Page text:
The Nitty Gritty Details Of Obamacare
On April 18, 2012, 12:07 AM by Nima Desai
The politics of Obamacare will keep mainstream media abuzz for months, but legally speaking it’s all about the difference between positive and negative rights.
After an exhaustive media frenzy, the three-day oral arguments regarding Obamacare – or the Patient Protection and Affordable Care Act (PPACA) – are now over, and many eagerly await the Supreme Court’s ruling in June. To help pass the time, here’s an easy-to-read primer on the issues that the justices will brood over for the next two months:
Understanding the legal arguments
In essence, there are two ways to tackle most Constitutional questions: practically or theoretically. The practical way looks at the problem first to see if the Constitution can accommodate the proposed solution. A good example of this method is the process of adopting the familiar Civil Rights Act of 1964.
Events like this often begin with large-scale social upheaval and debate, and end with Congress drafting an equally large-scale federal solution. As an occasional consequence, constitutionality may be an afterthought. And constitutional arguments in favor of a federal solution require creativity and, at times, strong improvisational skills on the part of so-called liberal “activist” judges.
Given the complex relationship of commercial activity with many social, economic and governmental institutions, federal officials have used the right of the Congress to “regulate Commerce with foreign Nations, and among the several States” to facilitate social change and respond to various crises. This particular clause justified massive new federal programs and the development of many innovative policy mechanisms during the New Deal, as well as the Civil Rights Act of 1964.
Though the Commerce Clause limits Congress’ power to interstate commercial activity only (between states) and not intrastate activity (within a single state), the definition of interstate commercial activity is extremely broad and, as such, its interpretations are equally wide.
On the other hand, theoretically-minded conservative justices examine the means first–not the ends. They look at the esoteric, academic, constitutional issues and, to them, the US Constitution is the Ark of the Covenant. Legal arguments for a federal solution to a national problem or crisis must be elegant and fit easily within the framework already created by past legal precedent if they are to be considered worthy of a seal from the Supreme Court.
Defining the Powers of Congress
Just as a single drop of water can create an elaborate ripple effect, essentially any activity can fall within the sweep of the Commerce Clause. The following cases help to elucidate on the limits of interstate commercial activity:
Wickard v. Filburn (1942):
While an old case, it’s still a significant one. In the midst of the Great Depression, the federal government ordered a farmer to destroy his own crops. Although he was growing wheat for private consumption and not for sale, the Supreme Court held that he had to destroy his own wheat because his private use had an effect on national wheat prices, which the federal government was trying to regulate.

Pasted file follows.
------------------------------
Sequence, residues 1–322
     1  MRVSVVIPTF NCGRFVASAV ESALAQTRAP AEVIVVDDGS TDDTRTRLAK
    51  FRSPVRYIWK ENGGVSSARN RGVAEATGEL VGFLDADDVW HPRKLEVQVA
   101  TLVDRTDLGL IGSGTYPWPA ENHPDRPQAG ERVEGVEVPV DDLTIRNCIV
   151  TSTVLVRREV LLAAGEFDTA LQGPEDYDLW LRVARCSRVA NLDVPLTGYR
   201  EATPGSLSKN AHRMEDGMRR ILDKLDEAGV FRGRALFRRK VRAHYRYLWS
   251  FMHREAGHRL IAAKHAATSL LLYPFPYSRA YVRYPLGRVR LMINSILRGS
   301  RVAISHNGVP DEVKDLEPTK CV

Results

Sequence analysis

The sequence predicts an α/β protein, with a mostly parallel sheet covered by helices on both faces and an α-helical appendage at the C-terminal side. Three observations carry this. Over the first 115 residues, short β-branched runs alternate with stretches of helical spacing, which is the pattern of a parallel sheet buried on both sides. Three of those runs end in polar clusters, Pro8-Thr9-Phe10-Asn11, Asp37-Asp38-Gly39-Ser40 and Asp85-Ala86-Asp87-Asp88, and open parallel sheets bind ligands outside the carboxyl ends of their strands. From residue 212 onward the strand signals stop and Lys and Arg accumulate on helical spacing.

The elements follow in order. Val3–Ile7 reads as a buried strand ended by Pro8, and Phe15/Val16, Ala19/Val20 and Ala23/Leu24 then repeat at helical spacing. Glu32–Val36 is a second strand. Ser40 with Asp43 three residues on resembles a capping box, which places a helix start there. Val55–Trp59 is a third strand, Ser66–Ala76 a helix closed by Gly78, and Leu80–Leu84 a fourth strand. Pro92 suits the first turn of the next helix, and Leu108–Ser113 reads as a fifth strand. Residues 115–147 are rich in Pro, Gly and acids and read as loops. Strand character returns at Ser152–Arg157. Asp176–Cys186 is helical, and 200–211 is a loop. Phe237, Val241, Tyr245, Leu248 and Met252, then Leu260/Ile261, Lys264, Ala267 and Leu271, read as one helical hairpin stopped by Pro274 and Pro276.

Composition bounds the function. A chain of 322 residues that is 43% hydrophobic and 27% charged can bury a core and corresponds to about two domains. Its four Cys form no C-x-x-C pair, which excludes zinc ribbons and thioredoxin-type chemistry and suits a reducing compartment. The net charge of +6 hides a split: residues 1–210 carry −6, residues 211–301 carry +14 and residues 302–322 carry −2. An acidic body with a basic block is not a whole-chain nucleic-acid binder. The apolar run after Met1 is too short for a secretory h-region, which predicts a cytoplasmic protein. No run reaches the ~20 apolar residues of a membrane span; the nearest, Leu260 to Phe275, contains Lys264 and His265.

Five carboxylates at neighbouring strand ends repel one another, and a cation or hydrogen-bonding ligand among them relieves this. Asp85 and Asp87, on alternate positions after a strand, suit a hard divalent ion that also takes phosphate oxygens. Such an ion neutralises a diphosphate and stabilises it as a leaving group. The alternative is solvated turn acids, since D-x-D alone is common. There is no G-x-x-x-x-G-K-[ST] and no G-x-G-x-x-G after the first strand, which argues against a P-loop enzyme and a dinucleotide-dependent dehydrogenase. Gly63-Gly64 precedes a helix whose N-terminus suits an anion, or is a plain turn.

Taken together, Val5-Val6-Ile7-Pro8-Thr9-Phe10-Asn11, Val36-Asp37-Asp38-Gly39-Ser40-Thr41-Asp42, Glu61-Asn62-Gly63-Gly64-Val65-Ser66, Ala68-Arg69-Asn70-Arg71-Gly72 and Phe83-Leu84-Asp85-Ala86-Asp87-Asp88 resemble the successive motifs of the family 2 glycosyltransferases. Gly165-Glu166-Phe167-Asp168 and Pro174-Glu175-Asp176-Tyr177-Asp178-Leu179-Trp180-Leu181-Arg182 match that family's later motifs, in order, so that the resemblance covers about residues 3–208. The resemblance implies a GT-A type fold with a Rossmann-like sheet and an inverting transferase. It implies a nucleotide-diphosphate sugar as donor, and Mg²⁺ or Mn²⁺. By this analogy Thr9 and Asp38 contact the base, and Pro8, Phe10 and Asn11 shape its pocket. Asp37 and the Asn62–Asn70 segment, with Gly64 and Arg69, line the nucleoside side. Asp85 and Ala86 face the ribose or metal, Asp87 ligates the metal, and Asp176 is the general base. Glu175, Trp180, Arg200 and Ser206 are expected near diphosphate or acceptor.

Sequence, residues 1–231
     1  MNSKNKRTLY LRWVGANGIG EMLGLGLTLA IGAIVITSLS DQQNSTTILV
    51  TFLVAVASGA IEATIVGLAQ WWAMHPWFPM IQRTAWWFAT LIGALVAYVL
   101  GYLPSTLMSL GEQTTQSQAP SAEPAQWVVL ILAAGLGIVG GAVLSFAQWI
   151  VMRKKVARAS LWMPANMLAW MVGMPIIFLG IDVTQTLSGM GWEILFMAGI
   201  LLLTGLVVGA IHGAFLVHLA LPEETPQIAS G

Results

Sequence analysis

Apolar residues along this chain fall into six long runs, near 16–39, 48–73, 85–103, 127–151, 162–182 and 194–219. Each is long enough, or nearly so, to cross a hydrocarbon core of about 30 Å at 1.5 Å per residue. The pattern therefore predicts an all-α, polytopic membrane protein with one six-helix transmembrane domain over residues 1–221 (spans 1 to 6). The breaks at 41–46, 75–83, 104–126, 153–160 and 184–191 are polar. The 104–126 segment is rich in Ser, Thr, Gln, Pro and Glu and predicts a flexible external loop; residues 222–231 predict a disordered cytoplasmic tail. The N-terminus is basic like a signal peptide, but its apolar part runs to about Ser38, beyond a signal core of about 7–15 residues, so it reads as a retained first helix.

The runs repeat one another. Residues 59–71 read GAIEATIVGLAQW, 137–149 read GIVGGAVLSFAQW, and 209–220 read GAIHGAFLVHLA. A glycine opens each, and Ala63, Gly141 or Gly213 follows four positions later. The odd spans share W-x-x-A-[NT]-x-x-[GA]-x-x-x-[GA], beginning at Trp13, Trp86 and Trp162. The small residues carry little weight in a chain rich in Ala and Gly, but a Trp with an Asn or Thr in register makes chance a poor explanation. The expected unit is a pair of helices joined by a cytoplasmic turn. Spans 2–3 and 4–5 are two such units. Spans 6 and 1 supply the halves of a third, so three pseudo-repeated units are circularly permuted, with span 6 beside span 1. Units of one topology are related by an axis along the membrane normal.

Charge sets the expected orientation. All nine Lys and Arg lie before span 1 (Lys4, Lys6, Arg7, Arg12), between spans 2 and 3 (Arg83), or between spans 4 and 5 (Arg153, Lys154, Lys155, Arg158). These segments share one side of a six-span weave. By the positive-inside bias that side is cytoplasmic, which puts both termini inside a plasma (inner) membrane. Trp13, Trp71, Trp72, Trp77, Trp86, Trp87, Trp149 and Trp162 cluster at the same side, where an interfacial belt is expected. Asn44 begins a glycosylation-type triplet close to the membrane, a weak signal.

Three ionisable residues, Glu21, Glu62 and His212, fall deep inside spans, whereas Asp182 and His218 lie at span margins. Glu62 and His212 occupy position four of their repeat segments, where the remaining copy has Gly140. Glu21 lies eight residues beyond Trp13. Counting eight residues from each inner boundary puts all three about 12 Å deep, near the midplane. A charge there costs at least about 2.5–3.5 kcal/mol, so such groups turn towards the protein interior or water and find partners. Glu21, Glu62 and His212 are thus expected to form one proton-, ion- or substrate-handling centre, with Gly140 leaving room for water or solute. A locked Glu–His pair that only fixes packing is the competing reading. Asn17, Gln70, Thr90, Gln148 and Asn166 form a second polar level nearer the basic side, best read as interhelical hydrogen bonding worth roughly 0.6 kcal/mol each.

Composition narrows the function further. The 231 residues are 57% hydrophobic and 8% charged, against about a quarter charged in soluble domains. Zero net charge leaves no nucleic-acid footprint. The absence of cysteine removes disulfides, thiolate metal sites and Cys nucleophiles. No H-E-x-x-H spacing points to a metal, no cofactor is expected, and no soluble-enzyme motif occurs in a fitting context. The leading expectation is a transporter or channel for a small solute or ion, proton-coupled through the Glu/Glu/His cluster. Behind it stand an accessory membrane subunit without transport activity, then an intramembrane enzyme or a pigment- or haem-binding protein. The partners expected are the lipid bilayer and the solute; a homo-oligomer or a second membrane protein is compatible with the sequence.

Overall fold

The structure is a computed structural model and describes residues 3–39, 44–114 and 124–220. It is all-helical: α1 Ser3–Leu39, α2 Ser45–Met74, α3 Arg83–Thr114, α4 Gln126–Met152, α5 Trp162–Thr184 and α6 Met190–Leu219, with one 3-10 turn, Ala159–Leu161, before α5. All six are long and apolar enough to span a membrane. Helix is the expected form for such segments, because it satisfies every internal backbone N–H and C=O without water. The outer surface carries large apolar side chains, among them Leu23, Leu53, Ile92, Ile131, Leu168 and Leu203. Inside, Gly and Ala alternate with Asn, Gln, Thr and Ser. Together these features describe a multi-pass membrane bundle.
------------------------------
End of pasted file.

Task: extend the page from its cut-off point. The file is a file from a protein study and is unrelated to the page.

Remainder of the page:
Since his wheat never entered into the stream of commerce, much less interstate commerce, the farmer argued that he was not subject to federal regulation. The US government successfully argued that if he did not consume his own wheat, the farmer would have to buy wheat on the open market, and therefore his actions affected interstate commerce.
The government’s argument is definitely complicated, but the key is that the commercial effects of home consumption were compounded for all the wheat growers across America. And it is just that compounding effect of private activity that makes this case very relevant to PPACA’s mandatory single payer healthcare system. How? The use of emergency rooms by persons with no health insurance, when compounded, costs American taxpayers about $10,000 per year. Yup, $10,000. The compounding societal effect of emergency room visits by the uninsured is what pulls the government and its citizens into private territory.
Wickard v. Filburn also shows its relevance via the private nature of growing your own wheat and eating your own wheat. This seems like the essence of the concept that home and hearth are sacred and outside of the government’s reach. Similarly, the human body and its upkeep are also distinctly private in nature, just like one’s home, farm, and daily meals.
So basically, if government officials ever came into your home to tell you that you couldn’t eat the heirloom tomatoes you’ve grown in your backyard, they ought to have a very good reason – like poverty, hunger, and economic turmoil a la The Great Depression.
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